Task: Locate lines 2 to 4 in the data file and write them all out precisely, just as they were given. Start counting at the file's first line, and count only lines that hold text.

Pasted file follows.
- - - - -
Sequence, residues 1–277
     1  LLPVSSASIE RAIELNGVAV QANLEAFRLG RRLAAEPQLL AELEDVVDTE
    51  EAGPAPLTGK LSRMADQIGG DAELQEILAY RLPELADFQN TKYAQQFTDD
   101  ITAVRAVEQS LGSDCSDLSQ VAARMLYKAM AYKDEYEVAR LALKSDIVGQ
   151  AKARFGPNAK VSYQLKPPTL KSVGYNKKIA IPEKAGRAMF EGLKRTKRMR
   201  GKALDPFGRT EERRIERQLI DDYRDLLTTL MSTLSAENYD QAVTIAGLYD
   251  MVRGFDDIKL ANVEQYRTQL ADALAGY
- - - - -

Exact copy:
     1  LLPVSSASIE RAIELNGVAV QANLEAFRLG RRLAAEPQLL AELEDVVDTE
    51  EAGPAPLTGK LSRMADQIGG DAELQEILAY RLPELADFQN TKYAQQFTDD
   101  ITAVRAVEQS LGSDCSDLSQ VAARMLYKAM AYKDEYEVAR LALKSDIVGQ